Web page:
On July 10th, Griffin Law’s managing director had dinner at the Goudhurst Inn. On arrival, he provided his name, email address and mobile number and was told that he would be contacted, if required, in line with the government’s track and trace rules. He provided his contact details on that basis.
On August 2nd, he received an email from The Goudhurst Inn. His heart sank. Had there been a local Covid-19 outbreak where an infected person had been traced to that restaurant on the same night that he had dined there? Was he now at real risk of having been infected too, and did he need a test and should he self-isolate?
In fact, a few seconds later the nature of the email from The Goudhurst Inn became apparent. Instead of using his personal data for the sole purpose for which he had provided it, he was being asked to review the restaurant on Tripadvisor.
The Information Commissioner’s Office has published clear guidance for the protection of customers’ details obtained to support contact tracing.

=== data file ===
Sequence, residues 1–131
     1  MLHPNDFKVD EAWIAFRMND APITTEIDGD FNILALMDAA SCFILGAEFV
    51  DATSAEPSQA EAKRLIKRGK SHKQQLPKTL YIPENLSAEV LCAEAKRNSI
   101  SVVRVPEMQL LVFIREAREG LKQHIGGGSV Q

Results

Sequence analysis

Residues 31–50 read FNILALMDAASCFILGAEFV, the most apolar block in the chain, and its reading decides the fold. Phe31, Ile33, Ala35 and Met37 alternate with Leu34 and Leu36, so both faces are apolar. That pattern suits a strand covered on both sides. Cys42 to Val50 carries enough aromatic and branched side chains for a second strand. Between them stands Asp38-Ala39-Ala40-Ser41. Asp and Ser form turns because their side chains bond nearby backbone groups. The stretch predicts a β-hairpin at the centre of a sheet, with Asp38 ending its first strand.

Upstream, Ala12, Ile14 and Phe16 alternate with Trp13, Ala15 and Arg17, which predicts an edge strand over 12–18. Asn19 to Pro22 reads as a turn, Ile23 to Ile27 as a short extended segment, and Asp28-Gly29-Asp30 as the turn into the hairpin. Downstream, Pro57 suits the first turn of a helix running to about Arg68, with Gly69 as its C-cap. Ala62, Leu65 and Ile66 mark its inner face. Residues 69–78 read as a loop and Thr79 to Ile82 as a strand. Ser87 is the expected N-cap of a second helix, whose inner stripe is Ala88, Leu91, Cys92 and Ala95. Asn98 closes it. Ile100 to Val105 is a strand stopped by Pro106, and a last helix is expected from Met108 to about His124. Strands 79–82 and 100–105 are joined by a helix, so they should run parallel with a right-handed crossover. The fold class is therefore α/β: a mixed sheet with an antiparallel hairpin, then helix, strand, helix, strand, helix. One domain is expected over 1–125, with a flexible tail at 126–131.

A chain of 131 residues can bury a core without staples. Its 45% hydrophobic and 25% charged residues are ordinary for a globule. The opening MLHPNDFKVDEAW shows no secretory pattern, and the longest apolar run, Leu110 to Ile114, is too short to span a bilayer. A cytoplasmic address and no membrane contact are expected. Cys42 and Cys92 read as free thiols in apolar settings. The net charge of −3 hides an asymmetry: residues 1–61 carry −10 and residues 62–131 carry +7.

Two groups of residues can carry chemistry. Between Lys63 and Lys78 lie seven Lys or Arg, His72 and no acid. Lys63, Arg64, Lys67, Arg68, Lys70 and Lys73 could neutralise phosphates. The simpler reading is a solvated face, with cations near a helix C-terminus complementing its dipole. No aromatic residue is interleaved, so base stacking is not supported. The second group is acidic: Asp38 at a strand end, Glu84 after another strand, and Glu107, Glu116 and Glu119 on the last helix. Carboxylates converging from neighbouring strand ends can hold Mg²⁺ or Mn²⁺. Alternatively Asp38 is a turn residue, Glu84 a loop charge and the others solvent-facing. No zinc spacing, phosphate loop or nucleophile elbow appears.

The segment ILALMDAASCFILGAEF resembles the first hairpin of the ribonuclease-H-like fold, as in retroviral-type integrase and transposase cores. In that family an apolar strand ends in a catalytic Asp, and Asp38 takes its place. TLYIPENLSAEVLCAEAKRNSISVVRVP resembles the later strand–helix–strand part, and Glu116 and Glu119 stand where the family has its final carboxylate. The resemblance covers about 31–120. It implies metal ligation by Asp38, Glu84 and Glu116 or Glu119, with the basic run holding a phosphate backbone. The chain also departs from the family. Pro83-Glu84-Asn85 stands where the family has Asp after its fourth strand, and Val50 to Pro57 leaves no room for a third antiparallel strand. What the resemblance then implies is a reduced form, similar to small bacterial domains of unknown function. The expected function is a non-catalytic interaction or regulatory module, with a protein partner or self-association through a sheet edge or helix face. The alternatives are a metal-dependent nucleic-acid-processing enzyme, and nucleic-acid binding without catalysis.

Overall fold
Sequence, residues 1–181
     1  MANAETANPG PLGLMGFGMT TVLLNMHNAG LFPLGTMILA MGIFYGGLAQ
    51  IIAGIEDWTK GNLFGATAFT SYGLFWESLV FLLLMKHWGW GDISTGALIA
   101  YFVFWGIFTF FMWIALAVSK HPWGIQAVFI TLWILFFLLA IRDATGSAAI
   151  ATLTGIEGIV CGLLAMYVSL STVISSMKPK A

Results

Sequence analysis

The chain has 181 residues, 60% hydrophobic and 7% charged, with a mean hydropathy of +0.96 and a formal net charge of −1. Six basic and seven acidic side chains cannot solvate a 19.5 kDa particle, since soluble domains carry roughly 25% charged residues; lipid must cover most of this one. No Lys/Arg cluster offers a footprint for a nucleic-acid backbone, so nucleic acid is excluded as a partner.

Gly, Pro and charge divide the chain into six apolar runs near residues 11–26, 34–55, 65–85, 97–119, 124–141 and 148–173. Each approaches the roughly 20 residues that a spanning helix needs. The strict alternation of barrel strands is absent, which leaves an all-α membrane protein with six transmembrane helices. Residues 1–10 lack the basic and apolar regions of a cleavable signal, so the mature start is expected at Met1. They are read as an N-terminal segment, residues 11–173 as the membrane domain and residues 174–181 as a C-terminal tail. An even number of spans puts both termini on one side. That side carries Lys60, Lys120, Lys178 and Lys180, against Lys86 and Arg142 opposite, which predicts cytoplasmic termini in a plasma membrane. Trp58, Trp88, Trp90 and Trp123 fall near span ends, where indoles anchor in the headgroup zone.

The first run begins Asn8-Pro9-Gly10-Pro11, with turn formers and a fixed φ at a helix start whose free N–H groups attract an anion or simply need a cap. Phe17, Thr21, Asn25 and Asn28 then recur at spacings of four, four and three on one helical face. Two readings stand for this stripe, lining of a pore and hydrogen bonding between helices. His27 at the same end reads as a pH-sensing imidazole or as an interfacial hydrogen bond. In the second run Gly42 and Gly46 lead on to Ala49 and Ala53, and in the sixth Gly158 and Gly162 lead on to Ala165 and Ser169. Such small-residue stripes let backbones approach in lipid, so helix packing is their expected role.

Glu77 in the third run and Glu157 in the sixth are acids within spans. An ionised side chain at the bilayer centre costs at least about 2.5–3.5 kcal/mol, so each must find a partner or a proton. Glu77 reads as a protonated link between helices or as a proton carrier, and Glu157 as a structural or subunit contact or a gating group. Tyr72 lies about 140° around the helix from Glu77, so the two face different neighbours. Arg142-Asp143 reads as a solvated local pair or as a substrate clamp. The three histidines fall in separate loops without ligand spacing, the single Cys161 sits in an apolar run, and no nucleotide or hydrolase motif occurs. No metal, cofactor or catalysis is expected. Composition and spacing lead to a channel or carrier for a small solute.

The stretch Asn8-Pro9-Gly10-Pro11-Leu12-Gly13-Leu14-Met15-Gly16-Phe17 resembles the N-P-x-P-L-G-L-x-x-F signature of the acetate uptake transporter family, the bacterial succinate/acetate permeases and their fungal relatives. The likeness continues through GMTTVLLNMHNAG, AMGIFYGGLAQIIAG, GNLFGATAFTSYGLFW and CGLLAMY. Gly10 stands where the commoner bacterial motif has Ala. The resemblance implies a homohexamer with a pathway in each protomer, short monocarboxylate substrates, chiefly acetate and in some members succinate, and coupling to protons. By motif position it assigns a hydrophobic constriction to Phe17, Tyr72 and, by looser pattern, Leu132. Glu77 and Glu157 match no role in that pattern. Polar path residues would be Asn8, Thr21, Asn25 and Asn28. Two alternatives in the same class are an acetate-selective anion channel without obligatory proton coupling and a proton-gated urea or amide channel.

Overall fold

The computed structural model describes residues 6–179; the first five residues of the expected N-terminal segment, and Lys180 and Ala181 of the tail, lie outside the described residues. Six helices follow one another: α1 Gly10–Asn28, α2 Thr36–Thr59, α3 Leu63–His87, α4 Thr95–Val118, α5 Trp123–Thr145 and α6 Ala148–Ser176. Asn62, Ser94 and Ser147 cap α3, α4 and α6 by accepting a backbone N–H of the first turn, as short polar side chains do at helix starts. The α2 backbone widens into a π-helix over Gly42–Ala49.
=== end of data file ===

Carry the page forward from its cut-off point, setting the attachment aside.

That guidance clearly states: “You cannot use the personal information that you collect for contact tracing for other purposes, such as direct marketing…”
Griffin Law has asked The Goudhurst Inn to show where consent was given to the processing of personal data for marketing purposes when it had been provided for the sole purpose of contact tracing in line with the law.
So far, we have heard nothing. We have therefore raised the matter with the ICO.
If restaurant customers are going to have their data misused, they will be more reluctant to provide it. Contact tracing will only work if data that is provided is not misused.
If you have had your personal data misused, please contact Griffin Law. In appropriate circumstances, it may be that you might even be entitled to compensation.